Markets were mixed. Wheat settled 2pc lower.
- Chicago wheat May contract down US11¢/bu to 569¢;
- Kansas wheat May contract down 13.75c to 487.25¢;
- Minneapolis wheat May contract down 6.25c to 531.25¢;
- MATIF wheat May contract down €4.25/t to €193.50/t;
- Corn May contract up 0.25c/bu to 348.75¢;
- Soybeans May contract down 1.25¢/bu to 880.25¢;
- Winnipeg canola May contract down $C2.80 to $462.80/t;
- MATIF rapeseed May contract up €2 to €352/t;
- Brent crude May contract down US$1.05 per barrel to $26.34;
- Dow Jones index up 1351 points to 22552;
- AUD firmer at $0.6080:
- CAD firmer at $1.404;
- EUR firmer at $1.105
Grain markets broke off overnight in the US, following the weakness in the night markets, with Chicago down 11¢ to 569¢, KC -13 3/4¢ to 487 1/4¢, Minny -6 1/4¢ to 531 1/4¢, and Matif crashing 4.25€ to 193.50€ on the earlier close. Corn was up a quarter to 348 3/4¢ while beans were down a penny and a quarter to 880 1/4¢ (Matif up two euros to 352€, Winnipeg down $2.8 to $462.8). The DOW continued to rally after the US government approved a massive stimulus package, closing up 1351 points. The US dollar index is down a point and a half following there, with corresponding strength on global FX – the AUD up to 60.8¢, the CAD to $1.404, and the EUR 1.105. Coronavirus concerns remain in the background. US cases continue to climb and are likely to push over 100,000 in a day or two. The market today could only focus on the easy money coming out.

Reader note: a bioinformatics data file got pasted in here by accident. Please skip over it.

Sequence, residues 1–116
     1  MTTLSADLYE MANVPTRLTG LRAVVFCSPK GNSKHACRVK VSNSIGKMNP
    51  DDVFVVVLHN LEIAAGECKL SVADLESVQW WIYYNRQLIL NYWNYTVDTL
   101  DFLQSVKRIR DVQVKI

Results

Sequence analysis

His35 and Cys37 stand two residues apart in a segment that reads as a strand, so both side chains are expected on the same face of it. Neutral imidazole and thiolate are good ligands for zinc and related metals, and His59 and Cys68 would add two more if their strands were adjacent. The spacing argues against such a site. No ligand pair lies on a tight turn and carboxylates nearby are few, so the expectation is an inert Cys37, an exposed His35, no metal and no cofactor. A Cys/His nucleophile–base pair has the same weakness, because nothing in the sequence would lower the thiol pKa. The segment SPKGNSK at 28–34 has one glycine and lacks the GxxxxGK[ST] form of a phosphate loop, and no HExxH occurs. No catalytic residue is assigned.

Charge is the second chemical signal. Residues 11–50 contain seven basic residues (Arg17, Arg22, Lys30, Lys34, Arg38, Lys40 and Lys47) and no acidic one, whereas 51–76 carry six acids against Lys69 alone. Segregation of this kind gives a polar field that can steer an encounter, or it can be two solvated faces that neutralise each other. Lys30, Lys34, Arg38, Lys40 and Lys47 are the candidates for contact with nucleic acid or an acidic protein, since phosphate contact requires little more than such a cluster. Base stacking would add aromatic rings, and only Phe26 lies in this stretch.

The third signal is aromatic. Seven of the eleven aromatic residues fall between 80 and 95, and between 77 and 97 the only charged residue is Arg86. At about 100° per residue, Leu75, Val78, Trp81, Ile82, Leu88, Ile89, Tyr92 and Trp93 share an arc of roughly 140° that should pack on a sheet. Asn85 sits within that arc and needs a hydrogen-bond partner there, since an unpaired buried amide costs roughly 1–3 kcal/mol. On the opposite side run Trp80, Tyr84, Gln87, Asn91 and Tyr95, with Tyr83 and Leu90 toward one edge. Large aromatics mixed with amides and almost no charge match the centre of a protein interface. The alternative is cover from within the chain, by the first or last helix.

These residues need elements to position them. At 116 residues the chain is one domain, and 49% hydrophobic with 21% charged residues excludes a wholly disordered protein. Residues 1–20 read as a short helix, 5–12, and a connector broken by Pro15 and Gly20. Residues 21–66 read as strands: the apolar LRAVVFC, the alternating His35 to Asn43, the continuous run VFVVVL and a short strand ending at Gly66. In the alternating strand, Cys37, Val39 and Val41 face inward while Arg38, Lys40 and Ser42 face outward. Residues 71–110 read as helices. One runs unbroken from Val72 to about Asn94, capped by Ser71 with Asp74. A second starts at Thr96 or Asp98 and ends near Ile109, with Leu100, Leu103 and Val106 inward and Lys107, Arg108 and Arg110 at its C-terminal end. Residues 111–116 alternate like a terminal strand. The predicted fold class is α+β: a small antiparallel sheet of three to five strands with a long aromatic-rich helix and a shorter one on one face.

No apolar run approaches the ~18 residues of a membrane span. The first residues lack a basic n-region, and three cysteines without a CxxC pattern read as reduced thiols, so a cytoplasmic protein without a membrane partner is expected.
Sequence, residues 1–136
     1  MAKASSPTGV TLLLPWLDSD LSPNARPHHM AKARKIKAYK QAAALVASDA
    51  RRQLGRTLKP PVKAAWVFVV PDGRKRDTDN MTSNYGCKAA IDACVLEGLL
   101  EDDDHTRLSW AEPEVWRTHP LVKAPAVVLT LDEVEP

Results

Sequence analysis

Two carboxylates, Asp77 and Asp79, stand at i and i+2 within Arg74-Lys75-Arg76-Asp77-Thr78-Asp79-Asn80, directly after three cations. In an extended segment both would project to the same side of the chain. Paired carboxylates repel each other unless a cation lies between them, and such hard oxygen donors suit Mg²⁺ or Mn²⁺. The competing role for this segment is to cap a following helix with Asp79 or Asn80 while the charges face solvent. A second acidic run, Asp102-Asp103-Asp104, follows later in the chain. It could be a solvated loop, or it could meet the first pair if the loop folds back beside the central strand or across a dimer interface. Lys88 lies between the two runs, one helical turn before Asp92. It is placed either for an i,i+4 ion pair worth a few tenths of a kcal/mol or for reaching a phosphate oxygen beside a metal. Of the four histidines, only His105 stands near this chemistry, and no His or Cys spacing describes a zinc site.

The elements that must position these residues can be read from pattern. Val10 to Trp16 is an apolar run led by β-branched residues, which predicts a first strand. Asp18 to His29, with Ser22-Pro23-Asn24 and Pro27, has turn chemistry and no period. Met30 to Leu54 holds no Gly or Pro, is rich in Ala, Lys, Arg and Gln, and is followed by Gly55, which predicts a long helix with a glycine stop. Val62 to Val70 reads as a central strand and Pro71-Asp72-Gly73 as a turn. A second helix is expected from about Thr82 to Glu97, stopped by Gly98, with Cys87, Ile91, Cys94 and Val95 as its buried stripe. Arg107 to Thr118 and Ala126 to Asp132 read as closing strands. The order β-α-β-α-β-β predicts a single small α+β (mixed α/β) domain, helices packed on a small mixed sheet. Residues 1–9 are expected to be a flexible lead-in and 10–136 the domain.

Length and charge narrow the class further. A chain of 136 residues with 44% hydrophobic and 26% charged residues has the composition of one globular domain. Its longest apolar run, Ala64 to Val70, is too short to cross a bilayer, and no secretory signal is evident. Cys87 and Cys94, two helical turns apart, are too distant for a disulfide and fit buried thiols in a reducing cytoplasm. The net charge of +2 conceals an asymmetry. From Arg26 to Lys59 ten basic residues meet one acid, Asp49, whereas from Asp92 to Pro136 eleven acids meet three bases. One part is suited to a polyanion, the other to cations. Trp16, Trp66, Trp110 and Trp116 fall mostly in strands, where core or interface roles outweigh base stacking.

The US weekly export sales data were extremely positive across the board, reporting 740,000t of wheat, 1.8 million tonnes of corn and 904,000t of beans. These did include the Chinese flashes from the other week though, so not entirely a surprise. A nice chunk of durum sales was also included, as was an additional Chinese milo boat.
Worries about Russian export restrictions returned, the local grain union now calling for an export ban. If it did happen it would most likely be focussed on old crop.
Conversely, millers in Kazakhstan are now calling for the government to lift the flour export ban imposed a few days ago, claiming that there’ s no reason to be concerned about local supplies.
Row crop discussion is continuing to orient more towards next week’s planting report from the USDA, scheduled for release on March 31. Surveyed figures are similar to USDA Agricultural Outlook Forum held last month, at about 94 million on corn and 85 on beans. The corn area would be about 4 million more acres this year than last, though last year’s figures were significantly impacted by the planting problems. Back-of-the-mind problems in ethanol remain at play too, as more ethanol shut downs, and intentions to shut down, continue to accumulate.
Good rain fell across northern and central west NSW, a nice top up to soil moisture pre-plant. More showers are on the maps to move into Victoria and southern NSW into early next week, though it looks more like light drizzles into much of the Mallee and Wimmera.
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